Pond Flora and Fauna
Your pond is finished, but it's not complete until it supports life -- the swimming kind, the blooming kind or both.
Before you add fish to your pond, the water needs to mellow into something more natural than tap water. While it was settling into your liner, it was also ridding itself of chemical additives like chlorine that are harmful to fish and plants. Cycle the water through your filter system and check your pump operation for at least a week before introducing fish.
Meanwhile, you can landscape your pond. If you've built a koi pond, you'll add plantings around the pond and possibly a few container plants on the plant ledge. If you're including goldfish in a water garden, get the plants in now to oxygenate the water and control algae growth. Pond plants that require soil will need to be potted in pond-safe containers with a layer of gravel on top to keep the soil from floating away in the water. Examples of these plants are: water lilies, a floating leaf plant; arrowhead, a plant that grows at the edges of ponds; and curly pondweed, a fully submerged plant. Floating plants, such as water hyacinths, have trailing roots that take nutrients directly from the water.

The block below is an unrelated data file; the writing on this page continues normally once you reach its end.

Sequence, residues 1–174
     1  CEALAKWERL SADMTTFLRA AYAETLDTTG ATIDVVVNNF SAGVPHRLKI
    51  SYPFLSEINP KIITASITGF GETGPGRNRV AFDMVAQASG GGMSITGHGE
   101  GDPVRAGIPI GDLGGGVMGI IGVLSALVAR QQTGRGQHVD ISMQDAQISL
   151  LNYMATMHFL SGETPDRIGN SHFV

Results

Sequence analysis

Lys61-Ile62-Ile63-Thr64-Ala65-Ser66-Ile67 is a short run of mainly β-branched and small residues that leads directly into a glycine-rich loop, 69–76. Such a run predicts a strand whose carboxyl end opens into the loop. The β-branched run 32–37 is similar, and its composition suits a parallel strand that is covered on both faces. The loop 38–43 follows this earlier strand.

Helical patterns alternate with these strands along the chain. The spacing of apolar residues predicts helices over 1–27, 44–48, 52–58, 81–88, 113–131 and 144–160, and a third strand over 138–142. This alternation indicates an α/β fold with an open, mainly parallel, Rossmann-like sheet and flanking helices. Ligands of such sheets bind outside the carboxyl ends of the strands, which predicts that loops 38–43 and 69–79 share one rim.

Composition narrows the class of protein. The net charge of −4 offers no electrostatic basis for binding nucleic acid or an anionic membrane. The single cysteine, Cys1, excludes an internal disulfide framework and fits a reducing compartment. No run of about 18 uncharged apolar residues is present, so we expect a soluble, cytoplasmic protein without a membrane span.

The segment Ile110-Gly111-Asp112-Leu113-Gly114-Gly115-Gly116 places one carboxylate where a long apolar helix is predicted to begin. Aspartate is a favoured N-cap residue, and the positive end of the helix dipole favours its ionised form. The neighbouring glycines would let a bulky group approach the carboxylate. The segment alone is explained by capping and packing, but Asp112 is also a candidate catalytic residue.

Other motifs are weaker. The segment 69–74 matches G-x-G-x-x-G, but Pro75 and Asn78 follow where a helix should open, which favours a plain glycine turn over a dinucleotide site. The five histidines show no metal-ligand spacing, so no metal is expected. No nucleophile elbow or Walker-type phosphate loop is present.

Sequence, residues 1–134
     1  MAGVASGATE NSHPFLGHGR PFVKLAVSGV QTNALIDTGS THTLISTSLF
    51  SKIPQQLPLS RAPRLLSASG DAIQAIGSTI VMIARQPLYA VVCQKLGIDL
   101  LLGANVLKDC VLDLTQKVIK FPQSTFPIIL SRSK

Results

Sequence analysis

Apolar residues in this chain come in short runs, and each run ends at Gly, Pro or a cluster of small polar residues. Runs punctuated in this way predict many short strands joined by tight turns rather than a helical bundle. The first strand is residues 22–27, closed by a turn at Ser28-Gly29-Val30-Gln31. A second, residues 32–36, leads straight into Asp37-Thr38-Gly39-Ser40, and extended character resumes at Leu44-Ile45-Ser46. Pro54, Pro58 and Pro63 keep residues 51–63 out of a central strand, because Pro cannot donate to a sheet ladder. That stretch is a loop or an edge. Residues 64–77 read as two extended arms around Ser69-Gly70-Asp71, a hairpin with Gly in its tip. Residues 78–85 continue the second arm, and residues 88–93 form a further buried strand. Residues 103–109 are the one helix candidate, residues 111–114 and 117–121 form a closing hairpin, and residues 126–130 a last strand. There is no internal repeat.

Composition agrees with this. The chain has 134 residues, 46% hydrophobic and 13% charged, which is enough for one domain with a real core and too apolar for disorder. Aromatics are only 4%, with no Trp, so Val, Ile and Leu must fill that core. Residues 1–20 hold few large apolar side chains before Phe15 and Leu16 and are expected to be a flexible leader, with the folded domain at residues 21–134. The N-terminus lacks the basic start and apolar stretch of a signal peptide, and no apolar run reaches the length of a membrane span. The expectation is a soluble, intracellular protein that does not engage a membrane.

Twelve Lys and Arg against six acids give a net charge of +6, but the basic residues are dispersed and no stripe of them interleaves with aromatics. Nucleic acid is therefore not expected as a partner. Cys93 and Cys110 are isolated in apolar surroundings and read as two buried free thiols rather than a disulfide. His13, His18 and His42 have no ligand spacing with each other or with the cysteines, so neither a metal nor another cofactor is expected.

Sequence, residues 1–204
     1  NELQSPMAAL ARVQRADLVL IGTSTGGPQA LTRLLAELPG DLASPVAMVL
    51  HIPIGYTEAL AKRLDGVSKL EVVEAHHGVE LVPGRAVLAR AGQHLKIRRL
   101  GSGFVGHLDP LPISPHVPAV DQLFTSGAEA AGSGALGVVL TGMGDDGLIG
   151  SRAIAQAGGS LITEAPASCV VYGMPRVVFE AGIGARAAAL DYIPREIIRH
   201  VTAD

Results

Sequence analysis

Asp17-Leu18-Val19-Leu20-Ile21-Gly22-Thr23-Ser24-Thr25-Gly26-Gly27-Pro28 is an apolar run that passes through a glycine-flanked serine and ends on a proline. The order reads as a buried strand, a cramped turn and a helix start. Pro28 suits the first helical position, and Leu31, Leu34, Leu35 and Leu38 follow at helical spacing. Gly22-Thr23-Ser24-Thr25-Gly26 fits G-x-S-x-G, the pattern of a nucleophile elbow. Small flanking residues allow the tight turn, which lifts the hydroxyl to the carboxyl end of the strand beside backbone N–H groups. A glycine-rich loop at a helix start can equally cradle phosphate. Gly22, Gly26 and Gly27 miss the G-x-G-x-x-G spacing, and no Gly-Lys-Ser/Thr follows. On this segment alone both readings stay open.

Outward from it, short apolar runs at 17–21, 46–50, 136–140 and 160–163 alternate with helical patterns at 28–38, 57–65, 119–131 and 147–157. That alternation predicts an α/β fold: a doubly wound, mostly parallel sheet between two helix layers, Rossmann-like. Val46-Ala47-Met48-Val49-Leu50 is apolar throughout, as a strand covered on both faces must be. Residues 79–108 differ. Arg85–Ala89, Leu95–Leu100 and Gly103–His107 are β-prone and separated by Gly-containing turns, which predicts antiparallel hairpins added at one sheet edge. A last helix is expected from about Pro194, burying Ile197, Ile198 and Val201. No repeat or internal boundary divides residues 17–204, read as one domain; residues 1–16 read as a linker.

When you're ready to add fish, check the pH of your pond water with a commercially available kit. Koi and goldfish thrive in neutral to slightly alkaline water, pH 7 to 8 [source: Nash]. Introduce fish over a period of days or weeks up to or below the fish stocking level for your pond. To determine how many fish you can have, allow 5 gallons (19 liters) for each inch (2.5 centimeters) of goldfish. Koi need twice that volume [source: Nash]. Remember that fish grow, so figure your stocking level for adult size fish.
Your fish don't really need hiding places. Pond plants provide shade, food and shelter for goldfish. The depth and shady location of koi ponds provide protection from predators and sun exposure. If you decide to give them a bolthole, make sure that anything you put in the pond is smooth and rounded. This will protect both your fish and the pond liner.
Learn how to keep your pond in good condition on the next page.